Michigan just became the first US state to ban the sale of flavoured e-cigarettes in a bid to stop underage vaping.
The ban will include all in-store and online sales of e-cigarette flavourings, other than tobacco.
It comes just days after the Centers for Disease Control revealed it would be investigating nearly 200 reported cases of lung illnesses linked to vaping.
Michigan Governor Gretchen Whitmer says she signed the bills on Tuesday after the health state department branded teen vaping as an epidemic in the state.
As per People, she said:
My number one priority is keeping our kids safe and protecting the health of the people of Michigan.
She believes the ‘candy taste’ of e-cig flavourings like ‘Froot Loops, Fanta, and Nilla wafers’ is what is enticing teens and has led to a 20 per cent increase in teen vaping between 2017 and 2018.
On her announcement to Michigan state senators, Whitmer said:
Behind the candy taste, however, is a product that hooks kids and adults alike.
E-cigarettes can deliver nicotine more than twice as quickly as tobacco cigarettes.
She added that although e-cigs were made with the intention of giving smokers a way to avoid toxins in normal cigarettes, they have instead created millions of new smokers addicted to nicotine.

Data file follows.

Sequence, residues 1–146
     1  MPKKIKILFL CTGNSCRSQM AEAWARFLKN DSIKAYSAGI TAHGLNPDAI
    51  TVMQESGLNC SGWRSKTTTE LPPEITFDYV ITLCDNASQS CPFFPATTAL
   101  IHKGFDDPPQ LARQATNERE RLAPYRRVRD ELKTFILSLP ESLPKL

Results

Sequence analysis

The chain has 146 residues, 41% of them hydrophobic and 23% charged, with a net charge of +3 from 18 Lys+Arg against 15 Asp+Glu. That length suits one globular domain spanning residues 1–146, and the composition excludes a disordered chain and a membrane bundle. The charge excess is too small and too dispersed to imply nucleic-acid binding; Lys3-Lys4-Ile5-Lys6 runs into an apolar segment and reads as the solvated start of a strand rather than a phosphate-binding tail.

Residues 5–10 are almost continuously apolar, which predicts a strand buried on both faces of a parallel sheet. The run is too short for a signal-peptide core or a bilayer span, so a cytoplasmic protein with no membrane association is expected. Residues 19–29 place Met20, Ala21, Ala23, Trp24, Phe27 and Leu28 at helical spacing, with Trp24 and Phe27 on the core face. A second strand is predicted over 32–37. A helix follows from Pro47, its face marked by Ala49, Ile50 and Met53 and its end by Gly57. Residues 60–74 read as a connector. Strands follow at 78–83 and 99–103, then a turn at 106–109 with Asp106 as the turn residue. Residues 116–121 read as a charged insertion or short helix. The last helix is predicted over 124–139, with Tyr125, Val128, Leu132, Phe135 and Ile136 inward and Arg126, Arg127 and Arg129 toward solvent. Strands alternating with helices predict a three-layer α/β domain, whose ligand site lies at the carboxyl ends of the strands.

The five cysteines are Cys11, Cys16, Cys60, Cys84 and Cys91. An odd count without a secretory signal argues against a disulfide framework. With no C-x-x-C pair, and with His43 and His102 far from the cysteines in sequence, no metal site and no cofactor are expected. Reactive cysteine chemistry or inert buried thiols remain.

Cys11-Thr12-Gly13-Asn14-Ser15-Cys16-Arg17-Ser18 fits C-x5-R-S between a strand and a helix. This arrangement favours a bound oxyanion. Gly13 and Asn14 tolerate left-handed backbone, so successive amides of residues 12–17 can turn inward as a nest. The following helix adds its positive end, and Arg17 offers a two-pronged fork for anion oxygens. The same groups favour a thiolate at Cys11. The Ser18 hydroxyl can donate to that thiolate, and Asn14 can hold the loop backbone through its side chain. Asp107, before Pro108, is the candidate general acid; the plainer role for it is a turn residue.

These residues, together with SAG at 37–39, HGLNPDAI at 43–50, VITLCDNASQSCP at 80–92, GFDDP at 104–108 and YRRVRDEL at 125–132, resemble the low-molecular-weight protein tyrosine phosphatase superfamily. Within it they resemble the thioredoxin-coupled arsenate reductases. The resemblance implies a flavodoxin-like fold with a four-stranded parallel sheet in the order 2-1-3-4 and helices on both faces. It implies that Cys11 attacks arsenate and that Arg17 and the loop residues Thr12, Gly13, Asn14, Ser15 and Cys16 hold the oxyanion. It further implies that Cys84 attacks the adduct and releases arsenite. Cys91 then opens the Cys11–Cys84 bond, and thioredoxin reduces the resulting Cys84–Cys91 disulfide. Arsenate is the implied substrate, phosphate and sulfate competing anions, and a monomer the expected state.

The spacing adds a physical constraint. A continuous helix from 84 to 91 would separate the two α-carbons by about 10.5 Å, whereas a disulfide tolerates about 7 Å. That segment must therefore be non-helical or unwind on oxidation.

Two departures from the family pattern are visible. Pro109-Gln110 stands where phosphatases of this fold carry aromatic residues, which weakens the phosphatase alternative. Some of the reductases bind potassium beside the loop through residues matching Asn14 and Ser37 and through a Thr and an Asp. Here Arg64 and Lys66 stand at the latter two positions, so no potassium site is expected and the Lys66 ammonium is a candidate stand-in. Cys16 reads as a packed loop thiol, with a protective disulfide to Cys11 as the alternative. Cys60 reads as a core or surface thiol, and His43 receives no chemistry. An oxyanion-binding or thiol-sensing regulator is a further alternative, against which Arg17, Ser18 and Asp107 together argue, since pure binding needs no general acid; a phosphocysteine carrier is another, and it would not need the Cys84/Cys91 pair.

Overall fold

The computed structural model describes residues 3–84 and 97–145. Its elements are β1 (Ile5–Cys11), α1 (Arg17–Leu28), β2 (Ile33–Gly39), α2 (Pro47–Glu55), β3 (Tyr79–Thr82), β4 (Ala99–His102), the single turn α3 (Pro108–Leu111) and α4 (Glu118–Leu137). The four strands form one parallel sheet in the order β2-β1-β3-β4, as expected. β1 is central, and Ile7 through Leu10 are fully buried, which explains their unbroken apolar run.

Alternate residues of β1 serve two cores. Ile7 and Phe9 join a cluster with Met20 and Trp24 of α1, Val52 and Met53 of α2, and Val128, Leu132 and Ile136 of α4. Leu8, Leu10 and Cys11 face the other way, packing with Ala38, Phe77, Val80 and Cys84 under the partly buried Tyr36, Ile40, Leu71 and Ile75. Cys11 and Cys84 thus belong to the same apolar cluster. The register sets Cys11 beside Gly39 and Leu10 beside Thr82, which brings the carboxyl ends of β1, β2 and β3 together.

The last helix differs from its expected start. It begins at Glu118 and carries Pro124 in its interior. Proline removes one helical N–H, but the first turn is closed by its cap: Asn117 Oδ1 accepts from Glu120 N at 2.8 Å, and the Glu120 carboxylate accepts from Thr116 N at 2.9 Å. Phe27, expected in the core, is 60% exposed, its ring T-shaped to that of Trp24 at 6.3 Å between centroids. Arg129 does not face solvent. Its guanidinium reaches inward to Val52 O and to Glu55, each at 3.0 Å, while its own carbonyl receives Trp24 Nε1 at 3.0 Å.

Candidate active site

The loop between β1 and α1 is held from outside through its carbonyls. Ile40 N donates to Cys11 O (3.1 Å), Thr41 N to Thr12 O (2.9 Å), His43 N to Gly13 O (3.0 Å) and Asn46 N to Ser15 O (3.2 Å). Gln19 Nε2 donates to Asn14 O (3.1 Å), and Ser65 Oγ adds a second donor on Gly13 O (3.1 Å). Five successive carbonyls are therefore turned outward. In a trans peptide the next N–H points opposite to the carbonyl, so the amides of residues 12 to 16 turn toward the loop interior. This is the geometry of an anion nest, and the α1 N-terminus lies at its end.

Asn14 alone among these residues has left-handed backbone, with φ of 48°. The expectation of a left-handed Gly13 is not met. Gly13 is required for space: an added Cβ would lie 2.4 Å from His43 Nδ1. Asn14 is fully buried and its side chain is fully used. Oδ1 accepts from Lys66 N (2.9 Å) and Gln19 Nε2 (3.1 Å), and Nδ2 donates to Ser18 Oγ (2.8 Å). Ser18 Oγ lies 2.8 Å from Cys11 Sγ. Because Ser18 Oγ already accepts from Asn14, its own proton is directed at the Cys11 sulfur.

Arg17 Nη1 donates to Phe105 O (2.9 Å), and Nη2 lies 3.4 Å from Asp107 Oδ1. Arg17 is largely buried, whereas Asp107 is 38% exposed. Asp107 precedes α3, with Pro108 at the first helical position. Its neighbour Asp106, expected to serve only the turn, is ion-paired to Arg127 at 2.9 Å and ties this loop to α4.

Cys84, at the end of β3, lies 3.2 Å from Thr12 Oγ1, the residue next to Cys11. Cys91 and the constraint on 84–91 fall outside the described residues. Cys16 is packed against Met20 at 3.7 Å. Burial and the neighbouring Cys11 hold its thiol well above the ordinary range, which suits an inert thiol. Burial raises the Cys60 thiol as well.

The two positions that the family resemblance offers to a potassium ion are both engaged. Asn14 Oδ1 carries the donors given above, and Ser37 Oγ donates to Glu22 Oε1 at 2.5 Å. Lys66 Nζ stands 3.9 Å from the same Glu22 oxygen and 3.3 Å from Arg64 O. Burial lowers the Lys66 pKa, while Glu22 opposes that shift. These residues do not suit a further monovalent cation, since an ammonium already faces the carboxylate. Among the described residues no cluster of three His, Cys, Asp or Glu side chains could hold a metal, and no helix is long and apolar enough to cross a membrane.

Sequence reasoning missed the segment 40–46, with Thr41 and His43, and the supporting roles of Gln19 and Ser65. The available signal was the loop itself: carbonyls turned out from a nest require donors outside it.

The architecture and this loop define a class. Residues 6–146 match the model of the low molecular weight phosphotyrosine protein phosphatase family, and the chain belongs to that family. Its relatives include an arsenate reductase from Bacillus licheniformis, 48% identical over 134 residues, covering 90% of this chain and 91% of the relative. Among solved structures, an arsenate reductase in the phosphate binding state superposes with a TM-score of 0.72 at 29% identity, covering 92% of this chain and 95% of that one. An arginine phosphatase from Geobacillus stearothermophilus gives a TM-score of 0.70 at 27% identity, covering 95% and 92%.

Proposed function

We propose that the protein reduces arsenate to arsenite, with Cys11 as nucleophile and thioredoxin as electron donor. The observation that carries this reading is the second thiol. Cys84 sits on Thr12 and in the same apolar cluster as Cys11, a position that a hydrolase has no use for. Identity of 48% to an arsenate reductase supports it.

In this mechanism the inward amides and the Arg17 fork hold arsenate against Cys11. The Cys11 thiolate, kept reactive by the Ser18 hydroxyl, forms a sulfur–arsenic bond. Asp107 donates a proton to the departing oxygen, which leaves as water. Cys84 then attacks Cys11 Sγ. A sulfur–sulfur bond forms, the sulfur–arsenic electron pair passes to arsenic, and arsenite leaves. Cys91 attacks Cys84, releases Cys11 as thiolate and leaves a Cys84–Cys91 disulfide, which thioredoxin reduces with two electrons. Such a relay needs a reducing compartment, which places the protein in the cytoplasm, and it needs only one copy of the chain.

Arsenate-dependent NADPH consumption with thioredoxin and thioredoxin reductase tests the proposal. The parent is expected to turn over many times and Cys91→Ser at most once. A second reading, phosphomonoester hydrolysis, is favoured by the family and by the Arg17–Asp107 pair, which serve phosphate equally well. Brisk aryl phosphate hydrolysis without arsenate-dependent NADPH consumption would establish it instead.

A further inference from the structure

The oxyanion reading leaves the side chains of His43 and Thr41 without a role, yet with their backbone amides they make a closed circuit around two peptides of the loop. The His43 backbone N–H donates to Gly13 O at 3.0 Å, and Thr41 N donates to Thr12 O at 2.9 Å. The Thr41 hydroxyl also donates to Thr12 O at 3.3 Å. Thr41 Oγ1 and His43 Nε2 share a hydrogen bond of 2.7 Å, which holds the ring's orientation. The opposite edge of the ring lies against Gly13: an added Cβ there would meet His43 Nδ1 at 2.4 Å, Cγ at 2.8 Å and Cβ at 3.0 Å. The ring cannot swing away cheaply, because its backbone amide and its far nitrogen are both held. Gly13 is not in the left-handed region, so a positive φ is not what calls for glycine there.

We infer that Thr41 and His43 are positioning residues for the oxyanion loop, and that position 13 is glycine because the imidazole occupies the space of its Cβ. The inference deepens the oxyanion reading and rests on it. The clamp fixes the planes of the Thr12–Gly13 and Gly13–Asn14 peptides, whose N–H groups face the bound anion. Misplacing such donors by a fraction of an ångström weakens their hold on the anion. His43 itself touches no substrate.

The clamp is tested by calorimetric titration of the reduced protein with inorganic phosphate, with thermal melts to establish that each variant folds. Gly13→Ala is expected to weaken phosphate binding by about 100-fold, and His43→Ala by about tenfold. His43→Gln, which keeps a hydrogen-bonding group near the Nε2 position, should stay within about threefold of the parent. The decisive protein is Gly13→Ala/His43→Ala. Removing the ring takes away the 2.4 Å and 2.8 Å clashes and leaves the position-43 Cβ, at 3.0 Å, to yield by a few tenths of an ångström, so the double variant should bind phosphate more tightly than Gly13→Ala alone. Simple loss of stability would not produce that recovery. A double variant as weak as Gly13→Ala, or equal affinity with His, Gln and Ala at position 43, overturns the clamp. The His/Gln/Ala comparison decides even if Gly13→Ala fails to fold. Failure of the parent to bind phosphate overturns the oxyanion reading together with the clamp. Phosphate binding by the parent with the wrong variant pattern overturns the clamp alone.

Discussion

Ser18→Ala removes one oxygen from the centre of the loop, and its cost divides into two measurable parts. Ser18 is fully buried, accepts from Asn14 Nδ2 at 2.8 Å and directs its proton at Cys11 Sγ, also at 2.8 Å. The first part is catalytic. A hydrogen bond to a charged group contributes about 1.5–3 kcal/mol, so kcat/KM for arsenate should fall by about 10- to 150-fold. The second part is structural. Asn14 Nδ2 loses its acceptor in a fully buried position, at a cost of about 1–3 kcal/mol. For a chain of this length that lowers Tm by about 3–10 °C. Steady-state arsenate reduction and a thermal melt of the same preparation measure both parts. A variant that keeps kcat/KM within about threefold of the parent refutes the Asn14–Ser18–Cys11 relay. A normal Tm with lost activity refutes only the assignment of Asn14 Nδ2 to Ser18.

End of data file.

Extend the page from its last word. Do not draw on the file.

Today, that pitch looks like a bait-and-switch. The marketing, packaging and taste of e-cigarettes are perfectly designed to create new nicotine addicts, who then convert to lifelong smokers at alarming rates.
Michigan’s ban will go into effect in the next 30 days.
As concerns over the smoking alternative grows, a fifth death reportedly linked to vaping has recently been reported.
A man from California reportedly suffered from other chronic health conditions at the time of his death. Other deaths have been reported in the states of Indiana, Minnesota, Illinois and Oregon. Another man was placed into a medically induced coma in Utah.
As of Friday (September 6), officials have stated there are now 450 possible cases across 33 states and one territory, including the five reported deaths.
Out of the 450 cases of severe pulmonary disease reported across the US, the majority have reportedly involved young people between the ages of 18 and 25 who were initially suspected to have a pneumonia-like infection.
These cases of respiratory illness have resulted in severe symptoms, including chest pain, coughing shortness of breath and vomiting. In each of the confirmed cases, patients had vaped nicotine or the marijuana constituent THC within the last 90 days.
As reported by the Guardian, an estimated nine million adults and 3.6 million teenagers in the US use e-cigarettes. This includes 20 per cent of high school students.
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